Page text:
coasting of the spool while the bait is in ?ight so
taining a more durable structure and one which
that the line is supplied faster than the bait can
has fewer moving parts so that friction and the
withdraw it or it can be caused by the line becom
effects thereof are minimized.
ing caught in or buried in windings on the spool
due to too much tension on the line during the vis: Other objects of the invention will become ap
2,485,932
3
parent from the following speci?cation, from the
drawings to which it relates and from the claims
hereinafter set forth.
For a better understanding of the invention
reference may be had to the accompanying draw
ings wherein:
Figure 1 is a plan view of a casting reel con
structed according to one form of the invention.
Figure 2 is an end view of the structure shown
by Figure 1.
I
4
permanent magnets indicated at 30, 3|, 32 and
33 on the plate 22 and four similar permanent
magnets 34, 35, 36 and 31 on a brass disc 38 fas
tened as will be mentioned presently to the base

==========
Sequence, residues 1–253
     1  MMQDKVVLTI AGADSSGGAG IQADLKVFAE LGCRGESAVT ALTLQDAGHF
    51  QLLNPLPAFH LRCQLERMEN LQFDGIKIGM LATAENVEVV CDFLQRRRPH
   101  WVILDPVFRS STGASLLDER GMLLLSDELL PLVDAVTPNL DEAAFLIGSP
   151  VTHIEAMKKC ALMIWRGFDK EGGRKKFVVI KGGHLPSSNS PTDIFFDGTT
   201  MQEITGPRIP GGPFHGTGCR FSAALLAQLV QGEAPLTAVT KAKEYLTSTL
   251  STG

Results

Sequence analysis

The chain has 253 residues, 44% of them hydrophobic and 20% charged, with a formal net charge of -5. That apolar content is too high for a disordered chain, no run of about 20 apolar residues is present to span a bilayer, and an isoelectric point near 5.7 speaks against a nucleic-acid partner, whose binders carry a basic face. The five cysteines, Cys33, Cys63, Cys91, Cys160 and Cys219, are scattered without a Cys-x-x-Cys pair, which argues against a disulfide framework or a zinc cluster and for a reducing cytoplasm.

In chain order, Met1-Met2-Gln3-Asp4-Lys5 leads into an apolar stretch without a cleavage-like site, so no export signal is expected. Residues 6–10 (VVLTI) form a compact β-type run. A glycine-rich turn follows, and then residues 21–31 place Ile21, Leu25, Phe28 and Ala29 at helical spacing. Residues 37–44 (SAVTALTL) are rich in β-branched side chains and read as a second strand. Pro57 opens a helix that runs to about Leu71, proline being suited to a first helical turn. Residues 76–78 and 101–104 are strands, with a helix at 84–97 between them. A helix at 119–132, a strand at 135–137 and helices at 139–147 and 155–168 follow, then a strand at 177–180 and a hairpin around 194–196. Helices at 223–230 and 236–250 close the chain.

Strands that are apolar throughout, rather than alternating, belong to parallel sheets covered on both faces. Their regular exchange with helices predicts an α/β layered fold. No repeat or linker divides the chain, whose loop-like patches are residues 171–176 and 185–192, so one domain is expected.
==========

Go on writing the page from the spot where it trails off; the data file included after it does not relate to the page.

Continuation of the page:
of the cover 26.
The magnets in each group are
so arranged that the pole at either end of any
magnet is opposed to a like pole of the adjacent
magnet, or, in other words, the north pole on
each magnet is opposed to the north pole of the
10 magnet next ‘to it, while the south pole of the
Figure 3 is a cross-sectional view on a larger
scale taken substantially along the line 3-3 of
Figure 2.
Figure 4 is a cross-sectional view taken sub
stantially along the line 4--4 of Figure 3.
Figure 5 is a cross-sectional view taken sub
stantially along the line 5-5 of Figure’ 3.
Referring to Figures 1 and 2, the reel shown in
cludes a shaft I0 which at opposite ends projects
into housings H and I2 respectively. The hous